These students will additionally have the opportunity to serve as liaisons with school, government and business leaders to learn how these systems operate and how they might be improved. These liaison experiences will help inspire students to begin working now on ways to make their communities better. Students will also benefit from the rewarding academic and professional relationships they will develop with school leaders and higher education and business partners. Many of these relationships may continue into their professional careers.
Experiential Learning Activities
My Mentors STEM Partnership Near Peer Teams. The project will begin with the creation of five Near Peer teams, each composed of the following individuals:
• Two high school students or two middle school students
• Two STEM college students (one undergraduate and one graduate), who serve as mentors
• Two young STEM professionals, who serve as mentors
DuPage County middle and high school principals and STEM teachers from schools with the highest numbers of at-risk students serve on the project’s steering committee with business and higher education partners. These middle and high school leaders will help identify middle and high school participants for the Near Peer Teams. Our higher education partners will identify undergraduate and graduate student mentors. Members of the Greater Oak Brook Chamber of Commerce Economic Development Partnership’s Young Business Leaders will serve as young professional mentors for the Near Peer Teams and work with middle and high school principals and STEM teachers to develop Near Peer Team work projects. The Near Peer teams will work at local corporations and learn how to lead and manage complex and interesting STEM-related work projects to develop early skills in research, innovative thinking, planning, implementation, and evaluation. Each Near Peer Team member will be involved in every aspect of the project process, applying science, technology, engineering and mathematics concepts to their onsite learning experiences.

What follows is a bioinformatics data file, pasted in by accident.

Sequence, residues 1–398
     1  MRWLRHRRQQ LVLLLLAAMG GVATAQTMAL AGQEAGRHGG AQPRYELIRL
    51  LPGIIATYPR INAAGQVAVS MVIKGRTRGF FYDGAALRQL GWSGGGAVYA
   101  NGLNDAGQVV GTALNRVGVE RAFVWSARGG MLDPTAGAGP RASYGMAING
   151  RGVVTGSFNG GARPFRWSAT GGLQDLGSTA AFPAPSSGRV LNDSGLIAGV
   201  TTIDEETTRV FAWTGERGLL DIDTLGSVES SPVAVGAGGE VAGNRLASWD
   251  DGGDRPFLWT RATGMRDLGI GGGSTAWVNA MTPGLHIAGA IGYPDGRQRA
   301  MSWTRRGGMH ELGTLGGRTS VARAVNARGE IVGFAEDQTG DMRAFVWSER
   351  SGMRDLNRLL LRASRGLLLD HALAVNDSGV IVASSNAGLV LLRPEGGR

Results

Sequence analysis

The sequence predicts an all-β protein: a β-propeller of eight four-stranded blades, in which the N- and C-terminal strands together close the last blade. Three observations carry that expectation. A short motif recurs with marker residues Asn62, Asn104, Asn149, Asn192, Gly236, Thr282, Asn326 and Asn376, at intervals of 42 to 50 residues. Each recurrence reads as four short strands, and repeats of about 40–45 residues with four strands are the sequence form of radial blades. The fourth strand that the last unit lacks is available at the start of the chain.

My Mentors STEM Partnership Interactive Website. At project completion, middle and high school Near Peer Team members will create videos describing their experience. The videos will be posted on a My Mentors STEM Partnership interactive website for other students (and their parents) to view. This website will also provide online interactive links to the project’s undergraduate, graduate and young professional STEM mentors who will offer individualized college and career guidance.
My Mentors STEM Partnership Leadership Council. Especially important, the project will include the appointment of a 20-member youth-led My Mentors STEM Partnership Leadership Council. In addition to guiding and evaluating the project’s progress, council members will also be advocates for at-risk students in the project. The following individuals will serve on the council:
• Five at-risk middle school students
• Five at-risk high school students
• Five STEM undergraduate/graduate students
• Five STEM young professionals
My Mentors STEM Partnership College and Career Readiness Conference. Each year, the project will present a student-led conference to advance student STEM education and careers.